The Top 3 Challenges in Taiwan’s Offshore Wind Power Projects

Affected by the epidemic, offshore wind power projects have been seriously delayed in the past 2 years, which has triggered concerns from the interbank and affected the progress of renewable energy policies and the stability of the power supply in the future. The development of renewable energy has become unstoppable, and the international community is promoting “RE100” by 2050, which means 100% use of green power. How can Taiwan be ahead of this wave of renewable energy? Here, we first take stock of the top 3 challenges:

  • Regulation Challenges: Unclear Regulations Increase Uncertainty
    Offshore wind power involves a wide range of areas, and the Taiwan government is learning as it goes. Although various government departments have been adding regulations, they lack continuity and uniformity. Most of the regulations amended by the Taiwanese government have increased the burden and uncertainty of developers and builders.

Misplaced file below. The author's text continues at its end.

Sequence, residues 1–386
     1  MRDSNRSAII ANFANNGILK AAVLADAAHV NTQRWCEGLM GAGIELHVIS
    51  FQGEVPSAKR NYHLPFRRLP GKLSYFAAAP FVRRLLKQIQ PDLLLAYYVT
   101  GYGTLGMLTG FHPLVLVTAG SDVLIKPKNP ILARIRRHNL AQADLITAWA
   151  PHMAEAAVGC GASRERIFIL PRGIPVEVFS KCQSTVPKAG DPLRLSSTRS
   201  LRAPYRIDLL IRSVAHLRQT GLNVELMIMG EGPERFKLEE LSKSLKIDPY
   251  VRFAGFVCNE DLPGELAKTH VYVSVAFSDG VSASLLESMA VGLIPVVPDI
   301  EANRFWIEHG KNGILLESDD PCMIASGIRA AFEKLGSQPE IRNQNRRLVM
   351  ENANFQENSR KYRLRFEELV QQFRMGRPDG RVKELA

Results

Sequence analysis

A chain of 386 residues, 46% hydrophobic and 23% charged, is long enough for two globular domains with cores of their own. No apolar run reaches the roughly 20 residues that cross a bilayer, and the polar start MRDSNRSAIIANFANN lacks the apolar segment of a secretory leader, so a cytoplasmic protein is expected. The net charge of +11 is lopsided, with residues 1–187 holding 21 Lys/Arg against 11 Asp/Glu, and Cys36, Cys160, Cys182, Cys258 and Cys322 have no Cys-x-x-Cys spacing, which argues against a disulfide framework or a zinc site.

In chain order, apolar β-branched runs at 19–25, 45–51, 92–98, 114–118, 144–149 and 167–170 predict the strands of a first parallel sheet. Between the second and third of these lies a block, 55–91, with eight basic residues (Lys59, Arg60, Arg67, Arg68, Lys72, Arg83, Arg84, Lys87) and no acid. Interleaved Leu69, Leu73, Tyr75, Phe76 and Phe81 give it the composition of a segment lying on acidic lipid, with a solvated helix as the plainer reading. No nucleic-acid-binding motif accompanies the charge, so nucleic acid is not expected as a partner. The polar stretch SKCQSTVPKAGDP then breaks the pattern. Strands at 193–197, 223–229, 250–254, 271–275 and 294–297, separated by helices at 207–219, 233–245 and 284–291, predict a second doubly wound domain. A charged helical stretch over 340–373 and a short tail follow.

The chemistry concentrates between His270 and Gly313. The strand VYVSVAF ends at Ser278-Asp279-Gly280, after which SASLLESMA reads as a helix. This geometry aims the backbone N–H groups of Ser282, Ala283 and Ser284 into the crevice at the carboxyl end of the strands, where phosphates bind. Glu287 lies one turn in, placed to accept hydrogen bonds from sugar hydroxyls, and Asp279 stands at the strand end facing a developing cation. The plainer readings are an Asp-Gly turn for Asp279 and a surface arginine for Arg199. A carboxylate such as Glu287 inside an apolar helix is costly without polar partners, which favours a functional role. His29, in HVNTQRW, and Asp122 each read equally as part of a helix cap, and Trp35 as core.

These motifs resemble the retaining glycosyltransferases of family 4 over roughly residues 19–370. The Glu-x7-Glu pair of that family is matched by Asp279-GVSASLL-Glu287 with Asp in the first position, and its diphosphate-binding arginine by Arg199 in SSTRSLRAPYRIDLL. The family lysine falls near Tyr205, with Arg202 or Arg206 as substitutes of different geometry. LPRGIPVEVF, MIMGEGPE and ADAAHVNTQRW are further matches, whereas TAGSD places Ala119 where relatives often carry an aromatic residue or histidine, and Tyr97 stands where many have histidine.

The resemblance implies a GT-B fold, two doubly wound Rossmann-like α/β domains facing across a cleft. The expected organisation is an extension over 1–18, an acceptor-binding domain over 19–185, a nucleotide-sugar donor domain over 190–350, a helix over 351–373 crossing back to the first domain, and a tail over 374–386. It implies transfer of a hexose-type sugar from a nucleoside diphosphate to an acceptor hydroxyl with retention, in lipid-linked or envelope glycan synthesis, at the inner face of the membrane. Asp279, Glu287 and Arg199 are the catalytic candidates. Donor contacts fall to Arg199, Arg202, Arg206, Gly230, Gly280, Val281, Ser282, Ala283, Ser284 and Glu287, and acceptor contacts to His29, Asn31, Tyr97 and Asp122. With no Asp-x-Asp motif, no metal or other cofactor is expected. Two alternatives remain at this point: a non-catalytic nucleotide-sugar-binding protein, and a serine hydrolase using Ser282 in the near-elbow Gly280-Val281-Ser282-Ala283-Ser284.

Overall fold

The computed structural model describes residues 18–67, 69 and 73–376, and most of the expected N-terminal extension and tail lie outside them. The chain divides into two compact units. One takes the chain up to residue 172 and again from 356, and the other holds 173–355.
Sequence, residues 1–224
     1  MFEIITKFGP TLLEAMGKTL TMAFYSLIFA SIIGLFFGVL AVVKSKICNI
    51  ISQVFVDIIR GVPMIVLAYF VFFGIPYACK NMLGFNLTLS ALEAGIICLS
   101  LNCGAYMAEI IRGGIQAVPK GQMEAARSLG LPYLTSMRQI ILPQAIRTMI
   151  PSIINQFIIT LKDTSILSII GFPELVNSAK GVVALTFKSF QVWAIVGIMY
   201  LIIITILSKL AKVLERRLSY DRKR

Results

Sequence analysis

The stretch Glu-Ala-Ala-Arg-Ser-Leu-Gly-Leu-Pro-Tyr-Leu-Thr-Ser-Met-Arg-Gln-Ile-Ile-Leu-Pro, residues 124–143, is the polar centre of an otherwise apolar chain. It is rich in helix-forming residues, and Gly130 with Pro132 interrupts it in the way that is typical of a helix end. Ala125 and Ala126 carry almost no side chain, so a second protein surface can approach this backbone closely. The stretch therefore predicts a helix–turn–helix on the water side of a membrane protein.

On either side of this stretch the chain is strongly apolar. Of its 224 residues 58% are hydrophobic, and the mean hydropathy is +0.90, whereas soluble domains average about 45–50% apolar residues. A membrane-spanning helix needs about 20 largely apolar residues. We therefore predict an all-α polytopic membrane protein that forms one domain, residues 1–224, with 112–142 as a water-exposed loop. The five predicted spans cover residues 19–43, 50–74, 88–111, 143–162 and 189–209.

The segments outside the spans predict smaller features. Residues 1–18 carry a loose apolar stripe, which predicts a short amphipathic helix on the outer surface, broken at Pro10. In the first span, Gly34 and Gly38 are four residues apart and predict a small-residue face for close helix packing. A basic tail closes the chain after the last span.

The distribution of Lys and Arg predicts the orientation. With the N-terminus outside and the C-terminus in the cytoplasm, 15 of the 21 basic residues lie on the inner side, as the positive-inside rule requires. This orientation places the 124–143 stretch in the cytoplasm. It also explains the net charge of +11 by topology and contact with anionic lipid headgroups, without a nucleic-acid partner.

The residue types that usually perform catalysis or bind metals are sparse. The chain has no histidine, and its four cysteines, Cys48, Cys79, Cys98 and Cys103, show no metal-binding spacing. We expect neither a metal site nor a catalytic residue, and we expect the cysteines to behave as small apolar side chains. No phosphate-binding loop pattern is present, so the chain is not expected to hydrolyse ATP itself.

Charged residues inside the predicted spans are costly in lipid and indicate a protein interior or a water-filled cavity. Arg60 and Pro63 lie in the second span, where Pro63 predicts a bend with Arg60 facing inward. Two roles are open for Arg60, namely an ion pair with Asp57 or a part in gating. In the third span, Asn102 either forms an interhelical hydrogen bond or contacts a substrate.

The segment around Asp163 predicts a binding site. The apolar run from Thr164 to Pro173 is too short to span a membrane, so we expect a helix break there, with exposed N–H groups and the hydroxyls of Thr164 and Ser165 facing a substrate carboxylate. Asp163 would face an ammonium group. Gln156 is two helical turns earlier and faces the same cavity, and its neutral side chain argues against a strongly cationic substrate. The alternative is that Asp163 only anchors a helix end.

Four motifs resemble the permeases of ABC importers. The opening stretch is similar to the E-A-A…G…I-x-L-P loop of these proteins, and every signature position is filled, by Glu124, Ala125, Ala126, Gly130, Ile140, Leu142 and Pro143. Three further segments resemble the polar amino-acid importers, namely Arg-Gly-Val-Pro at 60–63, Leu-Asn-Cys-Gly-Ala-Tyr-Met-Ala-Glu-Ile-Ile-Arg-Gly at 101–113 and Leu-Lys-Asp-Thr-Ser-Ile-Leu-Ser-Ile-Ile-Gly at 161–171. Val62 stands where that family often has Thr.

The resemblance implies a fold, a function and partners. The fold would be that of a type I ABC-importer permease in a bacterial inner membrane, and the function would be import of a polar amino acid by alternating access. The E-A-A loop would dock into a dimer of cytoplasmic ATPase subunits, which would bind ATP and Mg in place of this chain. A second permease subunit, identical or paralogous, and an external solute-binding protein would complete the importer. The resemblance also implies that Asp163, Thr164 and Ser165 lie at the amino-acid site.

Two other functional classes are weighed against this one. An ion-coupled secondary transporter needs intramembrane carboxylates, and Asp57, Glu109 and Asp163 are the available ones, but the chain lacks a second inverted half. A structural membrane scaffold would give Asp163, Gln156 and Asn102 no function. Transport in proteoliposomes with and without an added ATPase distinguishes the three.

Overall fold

• Suppliers Challenges: Localized Technology Implementation is still Unknown
    Localization is an important goal for Taiwan’s government, but it also leads to increased costs. If a local company invests heavily in building a factory and production from scratch, and there are no stable orders, the high cost will be passed on to the existing orders, resulting in higher costs for the purchasing industry. Meanwhile, Taiwan’s suppliers have been overstretched in meeting the scale and quality requirements of offshore wind power development, thus affecting development plans.

  • Labour Challenges: The Public is still On the Fence about Offshore Wind Farm Industry
    The government also has expectations of promoting the local economy and providing employment opportunities for offshore wind power. Still, Lu Hsin-Yi, an associate professor in the Department of Anthropology at NTU, asked the residents if they would include wind power-related industries in their future career plans but did not receive a positive answer. In addition to language and licensing barriers, local people are also still on the fence about the industry.